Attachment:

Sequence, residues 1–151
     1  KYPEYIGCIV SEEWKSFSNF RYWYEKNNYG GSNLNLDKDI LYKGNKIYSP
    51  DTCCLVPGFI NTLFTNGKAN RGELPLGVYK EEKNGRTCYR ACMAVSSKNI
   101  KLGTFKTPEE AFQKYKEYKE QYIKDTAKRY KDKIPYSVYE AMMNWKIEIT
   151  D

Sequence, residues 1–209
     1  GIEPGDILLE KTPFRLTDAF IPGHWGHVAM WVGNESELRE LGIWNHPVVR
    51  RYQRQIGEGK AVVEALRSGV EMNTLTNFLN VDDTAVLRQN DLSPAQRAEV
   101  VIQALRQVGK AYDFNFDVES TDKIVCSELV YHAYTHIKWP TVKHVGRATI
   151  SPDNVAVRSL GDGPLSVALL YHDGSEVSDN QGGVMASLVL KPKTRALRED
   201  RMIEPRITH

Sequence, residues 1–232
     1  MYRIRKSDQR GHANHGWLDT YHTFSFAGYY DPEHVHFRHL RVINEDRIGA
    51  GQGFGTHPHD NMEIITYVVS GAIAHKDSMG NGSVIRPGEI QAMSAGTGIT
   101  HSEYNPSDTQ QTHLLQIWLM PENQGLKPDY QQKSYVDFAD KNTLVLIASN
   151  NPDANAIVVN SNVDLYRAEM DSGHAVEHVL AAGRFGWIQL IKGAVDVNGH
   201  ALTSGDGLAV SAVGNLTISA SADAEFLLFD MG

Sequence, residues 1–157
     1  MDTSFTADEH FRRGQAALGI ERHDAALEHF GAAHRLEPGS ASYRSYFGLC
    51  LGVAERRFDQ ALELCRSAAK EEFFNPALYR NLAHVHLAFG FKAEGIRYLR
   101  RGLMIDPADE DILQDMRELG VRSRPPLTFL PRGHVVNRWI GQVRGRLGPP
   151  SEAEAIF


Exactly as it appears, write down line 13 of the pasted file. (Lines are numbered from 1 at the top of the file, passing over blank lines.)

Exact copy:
     1  MYRIRKSDQR GHANHGWLDT YHTFSFAGYY DPEHVHFRHL RVINEDRIGA